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May we suggest

Features / September 1, 2000

Regarding Landscape

These are notes for a developing exhibition. The images that follow are excerpts that represent its scope.

Landscapes are portrays of nature refracted through the lens of human aspiration and through the tools and techniques by which they are made. They are artworks whose mode of address is pre-eminently physical and sensual rather than intellectual.

Landscapes spring from deep affective and physical attachments to nature.

Although landscapes are generally descriptions of actual places, description is not essential to them. Rather, what is more to the point is that landscape is a mode of looking without destination. This way of looking has much in common with the way we experience a piece of music.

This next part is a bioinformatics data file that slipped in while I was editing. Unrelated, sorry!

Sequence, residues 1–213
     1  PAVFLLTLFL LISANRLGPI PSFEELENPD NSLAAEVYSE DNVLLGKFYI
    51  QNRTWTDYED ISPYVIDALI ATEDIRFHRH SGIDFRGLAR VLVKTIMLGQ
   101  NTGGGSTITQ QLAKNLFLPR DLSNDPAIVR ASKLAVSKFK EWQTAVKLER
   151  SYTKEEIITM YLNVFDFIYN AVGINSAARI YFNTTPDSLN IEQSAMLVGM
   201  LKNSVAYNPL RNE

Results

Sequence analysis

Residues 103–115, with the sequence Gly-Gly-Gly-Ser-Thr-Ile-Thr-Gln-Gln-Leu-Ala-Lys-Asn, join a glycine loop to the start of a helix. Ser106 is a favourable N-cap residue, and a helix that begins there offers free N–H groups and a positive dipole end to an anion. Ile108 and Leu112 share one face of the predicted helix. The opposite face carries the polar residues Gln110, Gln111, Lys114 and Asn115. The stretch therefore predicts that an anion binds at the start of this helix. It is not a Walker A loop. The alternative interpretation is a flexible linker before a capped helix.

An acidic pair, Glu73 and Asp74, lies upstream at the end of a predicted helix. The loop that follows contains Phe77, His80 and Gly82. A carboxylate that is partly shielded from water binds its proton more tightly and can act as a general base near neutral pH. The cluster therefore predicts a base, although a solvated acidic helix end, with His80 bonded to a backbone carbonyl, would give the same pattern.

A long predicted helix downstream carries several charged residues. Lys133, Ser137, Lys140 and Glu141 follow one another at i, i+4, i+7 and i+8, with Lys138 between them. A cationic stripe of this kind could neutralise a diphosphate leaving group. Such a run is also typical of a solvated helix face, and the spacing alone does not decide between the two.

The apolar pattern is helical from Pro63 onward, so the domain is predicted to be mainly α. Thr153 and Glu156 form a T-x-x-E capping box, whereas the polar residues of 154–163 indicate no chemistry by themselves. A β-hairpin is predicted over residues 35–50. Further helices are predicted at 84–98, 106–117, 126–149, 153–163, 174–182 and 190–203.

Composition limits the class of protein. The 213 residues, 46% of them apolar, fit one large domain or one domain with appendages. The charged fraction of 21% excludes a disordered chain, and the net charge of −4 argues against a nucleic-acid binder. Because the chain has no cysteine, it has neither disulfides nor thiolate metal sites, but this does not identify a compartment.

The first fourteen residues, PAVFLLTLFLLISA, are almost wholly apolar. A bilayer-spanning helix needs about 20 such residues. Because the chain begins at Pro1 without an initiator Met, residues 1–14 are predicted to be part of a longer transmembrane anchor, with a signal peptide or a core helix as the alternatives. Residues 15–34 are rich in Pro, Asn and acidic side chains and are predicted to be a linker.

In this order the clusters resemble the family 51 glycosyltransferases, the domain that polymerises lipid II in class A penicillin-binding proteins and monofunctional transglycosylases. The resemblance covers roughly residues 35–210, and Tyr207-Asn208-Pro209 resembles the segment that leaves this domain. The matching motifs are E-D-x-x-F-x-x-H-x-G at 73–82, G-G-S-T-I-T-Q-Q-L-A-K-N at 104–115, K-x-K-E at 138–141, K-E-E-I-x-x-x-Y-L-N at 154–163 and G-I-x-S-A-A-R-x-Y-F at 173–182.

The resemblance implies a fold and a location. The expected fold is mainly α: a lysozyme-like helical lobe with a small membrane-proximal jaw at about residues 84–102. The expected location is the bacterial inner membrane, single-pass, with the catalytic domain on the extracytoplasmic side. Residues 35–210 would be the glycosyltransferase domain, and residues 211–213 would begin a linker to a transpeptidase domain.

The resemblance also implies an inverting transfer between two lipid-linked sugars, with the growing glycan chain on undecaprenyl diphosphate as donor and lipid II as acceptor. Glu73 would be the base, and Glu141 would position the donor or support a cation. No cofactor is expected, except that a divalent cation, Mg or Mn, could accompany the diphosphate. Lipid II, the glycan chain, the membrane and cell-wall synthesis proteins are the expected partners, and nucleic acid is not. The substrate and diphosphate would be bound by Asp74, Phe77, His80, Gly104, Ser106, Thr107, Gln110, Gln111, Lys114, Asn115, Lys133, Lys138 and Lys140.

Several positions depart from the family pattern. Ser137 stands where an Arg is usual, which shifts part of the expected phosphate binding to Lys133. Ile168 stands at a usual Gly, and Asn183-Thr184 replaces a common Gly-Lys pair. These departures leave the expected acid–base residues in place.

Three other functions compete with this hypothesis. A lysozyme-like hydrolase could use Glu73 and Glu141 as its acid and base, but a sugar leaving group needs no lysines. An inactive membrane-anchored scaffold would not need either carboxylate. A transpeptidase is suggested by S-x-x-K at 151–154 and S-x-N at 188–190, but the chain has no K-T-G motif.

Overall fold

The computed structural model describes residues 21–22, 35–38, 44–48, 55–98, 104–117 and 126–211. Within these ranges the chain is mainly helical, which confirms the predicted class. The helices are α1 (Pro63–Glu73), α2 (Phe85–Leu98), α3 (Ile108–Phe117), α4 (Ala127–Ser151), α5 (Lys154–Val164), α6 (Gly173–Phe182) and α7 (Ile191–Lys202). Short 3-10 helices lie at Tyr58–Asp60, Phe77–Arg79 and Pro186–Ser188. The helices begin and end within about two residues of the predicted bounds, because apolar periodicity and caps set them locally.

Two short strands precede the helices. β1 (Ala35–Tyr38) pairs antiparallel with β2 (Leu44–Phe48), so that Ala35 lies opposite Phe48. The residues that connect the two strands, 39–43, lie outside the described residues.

Like musical compositions, landscapes are never apprehended all at once but via a compilation, aggregation and assimilation of multiple moments and details. Duration and flux are part of the experience of landscapes. The centre of interest is mobile and dispersed. The gaze does not meet with another gaze but is constantly deflected and distributed. This fact underlies landscape’s democratic ethos.

So begins our Fall 2000 cover story. To keep reading, and to see related images, view a PDF of the entire article.